Why Do We Drive Monochrome Cars?
Published on Sun, Jan 31, 2021
By: The LACar Editorial Staff
It seems like the flashy colors of the 1950s-1970s have all but disappeared from our automobiles. But now, Volkswagen thinks that may change.
Sometimes if you’re stuck in traffic these days, it seems like you’re living in a black-and-white movie. Countless shades of grey, cream, and midnight colors seem to be the choice for most new vehicles.
Last year, U.S. car buyers chose white more than any other color, followed closely by silver and black, according to experts in automotive paints.
This trend has spanned a decade now, the culmination of an evolution to muted colors stretching back 70 years. But there seems to be a glimmer of hope.
Here’s a fascinating study by Volkswagen.
“Color is always shifting, and our color perception is always evolving depending on what we see, what we observe, and what we live with,” said Volkswagen Senior Color and Trim Designer Jung Lim “Limmy” Park.
Old films of American highways from 1950 to 1970 captured the spirit of the era with colorful hues of aqua, cherry red, salmon and gold – a common sight on the road at that time. From 1970 to 1990, drivers started to transition towards neutrals and gravitated towards browns, greens and beiges. Today, variations of white, black, gray and silver make up over half of the market, leaving just 21 percent of cars sold in 2020 in the red, green or blue family. Americans reportedly favor the color black for luxury vehicles, and gray has replaced silver for all vehicles due to its perception as a more upscale and modern color.
“Silver used to be way more popular than gray, but it has really flipped,” noted Park. “Gray brings so many variants from cool to warm, dark to light, luxurious shimmering to outdoorsy flat effect. Thus, gray speaks more to the persona that drivers want to communicate.”
At Volkswagen, color design is inspired from a multitude of sources – from nature, food and athletics, to new digital technology and virtual experiences. Determining the color goal at the beginning of a vehicle project allows the color designers to create the perfect color palette for the model’s intended driver. Understanding the desires of the customer goes hand in hand with selecting colors that complement the vehicles’ body style and influencing industry color trends.
Color design “is complicated and a complex theory that depends on the design of the car, type of the car, the size of the car and also types of trends that project on certain demographics and lifestyles,” said Park.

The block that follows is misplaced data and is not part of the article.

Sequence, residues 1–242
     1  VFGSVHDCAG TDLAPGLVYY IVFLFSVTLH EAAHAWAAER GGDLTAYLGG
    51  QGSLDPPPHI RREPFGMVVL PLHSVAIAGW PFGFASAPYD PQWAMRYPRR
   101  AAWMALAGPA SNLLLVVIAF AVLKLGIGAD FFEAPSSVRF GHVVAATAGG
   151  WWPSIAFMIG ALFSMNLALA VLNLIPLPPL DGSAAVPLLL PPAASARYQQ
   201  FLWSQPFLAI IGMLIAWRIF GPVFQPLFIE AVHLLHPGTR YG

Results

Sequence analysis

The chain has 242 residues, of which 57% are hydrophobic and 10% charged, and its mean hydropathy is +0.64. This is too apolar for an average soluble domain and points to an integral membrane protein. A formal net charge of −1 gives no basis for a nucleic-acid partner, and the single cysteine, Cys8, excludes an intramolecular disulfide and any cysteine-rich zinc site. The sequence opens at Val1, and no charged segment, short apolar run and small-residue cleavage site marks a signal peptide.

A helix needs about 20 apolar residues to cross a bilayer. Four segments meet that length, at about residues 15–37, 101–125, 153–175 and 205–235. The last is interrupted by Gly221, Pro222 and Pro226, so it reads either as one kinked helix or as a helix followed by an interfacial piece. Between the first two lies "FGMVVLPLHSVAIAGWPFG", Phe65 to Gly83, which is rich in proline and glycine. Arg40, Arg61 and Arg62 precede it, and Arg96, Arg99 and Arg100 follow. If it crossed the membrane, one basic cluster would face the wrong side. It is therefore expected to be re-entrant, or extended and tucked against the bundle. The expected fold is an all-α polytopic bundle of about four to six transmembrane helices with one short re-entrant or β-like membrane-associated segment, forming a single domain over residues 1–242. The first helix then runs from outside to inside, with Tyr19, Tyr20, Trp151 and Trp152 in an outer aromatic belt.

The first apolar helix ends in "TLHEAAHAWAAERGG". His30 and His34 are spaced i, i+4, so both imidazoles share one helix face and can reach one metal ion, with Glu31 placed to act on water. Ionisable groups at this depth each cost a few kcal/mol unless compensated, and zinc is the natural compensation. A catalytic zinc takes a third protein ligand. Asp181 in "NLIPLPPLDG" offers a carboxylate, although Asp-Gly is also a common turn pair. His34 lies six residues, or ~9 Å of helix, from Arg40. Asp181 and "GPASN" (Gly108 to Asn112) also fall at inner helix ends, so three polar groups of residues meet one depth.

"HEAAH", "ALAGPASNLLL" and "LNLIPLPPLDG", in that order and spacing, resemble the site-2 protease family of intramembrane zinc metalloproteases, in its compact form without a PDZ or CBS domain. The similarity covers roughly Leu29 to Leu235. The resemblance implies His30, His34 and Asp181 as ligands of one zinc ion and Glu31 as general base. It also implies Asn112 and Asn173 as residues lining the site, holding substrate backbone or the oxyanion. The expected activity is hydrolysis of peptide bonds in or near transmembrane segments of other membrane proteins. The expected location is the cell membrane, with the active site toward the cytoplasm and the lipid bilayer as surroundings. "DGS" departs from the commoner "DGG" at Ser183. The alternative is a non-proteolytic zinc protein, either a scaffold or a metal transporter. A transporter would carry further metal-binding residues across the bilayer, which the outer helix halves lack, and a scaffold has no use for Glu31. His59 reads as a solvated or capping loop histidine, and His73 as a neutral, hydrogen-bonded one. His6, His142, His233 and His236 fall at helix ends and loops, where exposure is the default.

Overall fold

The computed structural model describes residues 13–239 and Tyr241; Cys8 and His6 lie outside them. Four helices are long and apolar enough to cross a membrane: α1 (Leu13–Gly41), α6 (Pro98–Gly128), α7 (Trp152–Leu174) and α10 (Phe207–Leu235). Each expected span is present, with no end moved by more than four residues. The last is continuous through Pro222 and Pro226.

While color trends in fashion, interior design and technology are going global, automotive color trends are still highly regional. It’s not just cultural preferences; a red in the United States can look different from a red in Germany due to the surroundings of that region.
“Working in the color world, I learned that Asia Pacific, Europe and North America have very distinct color preferences,” said Park. “For example, Asia Pacific is actually the least colorful [region] … and in Europe, compared to North America, gray has always been more popular than silver, as has been blue.”
“Color preferences really reflect the unique social and cultural trends and even geography [of a region],” Park added.
Volkswagen has continued to experiment with bold colors even as market preferences move towards shades of white and black, from the Kurkuma Yellow of the Atlas and Arteon to the Spektrum program for the Golf R that allowed buyers a choice from 40 vibrant shades.
“The colors found on the original Buses and Beetles are iconic to Volkswagen and continue to be recognized even as the colors are no longer in production,” Park explained. “The bright contemporary yellow on the Volkswagen ID. Buzz concept is a great example how the original color image could be reinterpreted for the high-tech and it is not available in other places but in Volkswagen.”
Market demands for black, white and monochromatic shades in between will continue, Park says, but consumers are showing an increased appetite and interest in returning to bright and bolder colors. The reason? Because so much of our lives are now filtered through screens – from phones to tablets to computers to televisions – a certain segment of drivers will want vehicles that visually pop in real life as they do virtually.
“We are all so impacted by our digital life through the pandemic, and the colors you mainly see are [on] your screen more than actual physical objects.” said Park. “The future is getting colorful, for sure.”